There’s a lot of talk recently over the state of eCommerce and how it relates to mobile. What’s less talked about, in many cases, is the design of the website that allows mobile eCommerce. Most of you probably know that the pages of the Internet or as it used to be called, the World Wide Web, are coded in generally two “languages:” HTML and CSS. At a very basic level, HTML controls the layout of a page and CSS controls the styling. There have been 5 major revisions to HTML and 3 to CSS. Before these latest revisions, you would have two options for showing your site on mobile screens: a) build a mobile app or b) let the surfer use the “desktop” version.
The most recent revisions to these languages, aptly called HTML5 and CSS3, made creating multiple sizes and widths of your website incredibly easy. While I won’t go into the details of how it works, the basic idea is that your website’s code can sense the width of the current browser window and react accordingly. Responsively. It will resize pictures inline and can restructure a 4 x 1 grid to a 2 x 2 and then a 1 x 4 as a browser window shrinks in size. This kind of dynamic shifting of content and resizing of a webpage had not easily been attained before, and so it got its own name: “responsive design.”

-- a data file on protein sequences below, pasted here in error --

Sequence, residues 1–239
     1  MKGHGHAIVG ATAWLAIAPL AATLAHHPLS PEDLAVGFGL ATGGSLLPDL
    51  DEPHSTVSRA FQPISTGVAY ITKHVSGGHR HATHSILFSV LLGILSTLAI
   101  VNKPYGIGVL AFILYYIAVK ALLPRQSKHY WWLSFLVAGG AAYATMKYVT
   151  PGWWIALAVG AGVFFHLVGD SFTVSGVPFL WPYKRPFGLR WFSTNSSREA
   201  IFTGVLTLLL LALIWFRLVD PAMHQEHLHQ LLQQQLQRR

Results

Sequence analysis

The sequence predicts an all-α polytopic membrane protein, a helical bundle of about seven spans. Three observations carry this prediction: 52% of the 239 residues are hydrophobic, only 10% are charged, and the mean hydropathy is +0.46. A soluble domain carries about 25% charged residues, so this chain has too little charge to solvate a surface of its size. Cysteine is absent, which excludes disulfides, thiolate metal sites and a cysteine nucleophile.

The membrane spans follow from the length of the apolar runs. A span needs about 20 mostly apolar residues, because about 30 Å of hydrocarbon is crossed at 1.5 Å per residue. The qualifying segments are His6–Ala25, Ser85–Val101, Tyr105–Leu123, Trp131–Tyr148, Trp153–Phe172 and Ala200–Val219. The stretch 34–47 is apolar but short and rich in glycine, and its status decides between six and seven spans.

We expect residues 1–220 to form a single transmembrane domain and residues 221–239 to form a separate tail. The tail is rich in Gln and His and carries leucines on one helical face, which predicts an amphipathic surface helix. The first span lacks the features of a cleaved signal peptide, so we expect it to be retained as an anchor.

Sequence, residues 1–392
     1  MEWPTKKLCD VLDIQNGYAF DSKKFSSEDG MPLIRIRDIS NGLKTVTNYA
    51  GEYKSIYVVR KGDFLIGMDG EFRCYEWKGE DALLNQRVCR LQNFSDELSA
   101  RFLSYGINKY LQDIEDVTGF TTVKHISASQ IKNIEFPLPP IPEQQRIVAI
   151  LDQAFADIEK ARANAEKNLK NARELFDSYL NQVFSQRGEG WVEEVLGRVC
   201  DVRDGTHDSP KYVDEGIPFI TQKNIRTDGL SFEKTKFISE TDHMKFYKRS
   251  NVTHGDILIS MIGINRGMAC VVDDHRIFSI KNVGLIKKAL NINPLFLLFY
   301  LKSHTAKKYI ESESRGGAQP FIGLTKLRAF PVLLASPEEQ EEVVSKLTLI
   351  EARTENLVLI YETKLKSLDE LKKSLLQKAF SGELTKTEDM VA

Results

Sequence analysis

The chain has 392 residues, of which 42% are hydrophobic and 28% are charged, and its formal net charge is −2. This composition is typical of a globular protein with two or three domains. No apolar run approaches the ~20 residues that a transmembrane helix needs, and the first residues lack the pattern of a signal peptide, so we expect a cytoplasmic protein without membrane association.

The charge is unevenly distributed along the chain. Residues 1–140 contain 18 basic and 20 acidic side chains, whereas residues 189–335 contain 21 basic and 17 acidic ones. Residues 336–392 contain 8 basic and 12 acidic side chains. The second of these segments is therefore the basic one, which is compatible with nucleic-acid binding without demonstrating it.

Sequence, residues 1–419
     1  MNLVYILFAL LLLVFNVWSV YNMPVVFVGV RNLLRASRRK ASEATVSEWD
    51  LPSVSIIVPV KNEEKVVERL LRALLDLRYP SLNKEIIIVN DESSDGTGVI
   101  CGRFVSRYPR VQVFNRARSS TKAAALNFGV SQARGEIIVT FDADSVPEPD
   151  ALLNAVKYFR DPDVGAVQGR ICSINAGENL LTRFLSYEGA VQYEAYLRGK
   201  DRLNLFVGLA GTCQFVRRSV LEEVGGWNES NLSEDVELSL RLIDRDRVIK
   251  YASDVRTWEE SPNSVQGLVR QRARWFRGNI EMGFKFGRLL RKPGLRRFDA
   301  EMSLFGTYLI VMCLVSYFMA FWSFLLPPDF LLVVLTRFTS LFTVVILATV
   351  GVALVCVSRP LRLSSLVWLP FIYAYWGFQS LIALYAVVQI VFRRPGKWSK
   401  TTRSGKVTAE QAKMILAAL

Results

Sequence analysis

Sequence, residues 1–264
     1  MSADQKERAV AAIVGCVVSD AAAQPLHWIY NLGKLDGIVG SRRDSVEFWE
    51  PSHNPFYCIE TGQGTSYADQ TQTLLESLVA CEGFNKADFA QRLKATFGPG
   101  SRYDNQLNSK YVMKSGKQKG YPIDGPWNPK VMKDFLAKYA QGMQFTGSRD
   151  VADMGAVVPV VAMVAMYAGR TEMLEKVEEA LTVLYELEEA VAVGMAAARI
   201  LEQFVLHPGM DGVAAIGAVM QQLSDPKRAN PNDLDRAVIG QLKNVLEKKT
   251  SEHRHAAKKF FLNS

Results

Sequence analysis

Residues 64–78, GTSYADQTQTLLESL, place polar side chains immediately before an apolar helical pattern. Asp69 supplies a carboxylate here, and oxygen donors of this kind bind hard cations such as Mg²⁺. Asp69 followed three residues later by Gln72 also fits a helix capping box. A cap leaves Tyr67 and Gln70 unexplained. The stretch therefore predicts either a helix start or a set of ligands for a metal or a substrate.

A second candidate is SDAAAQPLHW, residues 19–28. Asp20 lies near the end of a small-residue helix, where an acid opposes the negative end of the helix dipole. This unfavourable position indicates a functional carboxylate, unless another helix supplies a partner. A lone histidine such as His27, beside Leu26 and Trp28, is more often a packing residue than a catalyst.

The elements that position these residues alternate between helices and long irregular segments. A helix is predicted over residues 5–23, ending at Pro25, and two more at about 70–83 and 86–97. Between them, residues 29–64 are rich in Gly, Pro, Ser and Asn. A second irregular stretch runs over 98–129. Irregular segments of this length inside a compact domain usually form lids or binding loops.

Now for those of you who have your own website and can control the look and feel of it, you’re probably seeing the advantages to such a way of display. With responsive design, there’s no need for two types of websites: desktop and mobile. You don’t have to worry about your site being too big for someone’s monitor resolution. All of that thinking and worrying and compatibility issues is all taken care of by the back-end code.
So, how does it relate to eCommerce?
To my first point, there’s been a lot of talk about the future of eCommerce and how mobile is taking a larger and larger share every year. With the idea that your focus should be on your products and your business, the upkeep of a desktop version, a mobile version, and even possibly a tablet version can become quite cumbersome. Responsive design allows for a clean base, a single update anytime a change is made rather than three, and the chance for you to redesign your website to appeal to your specific target audience and become a leader in the mobile commerce space.
If you’re contemplating making the jump to responsive design, you will probably need the assistance of a design firm. This is still a relatively new type of website, and though you can find 50 responsive WordPress themes in under a minute, finding one that works for your specific website is not nearly as quick or easy, even if you are on WordPress. However, you’re not alone. Lots of other eCommerce merchants have made the switch as well.
If you want one last example of responsive design, check out our new site; it’s responsive, too.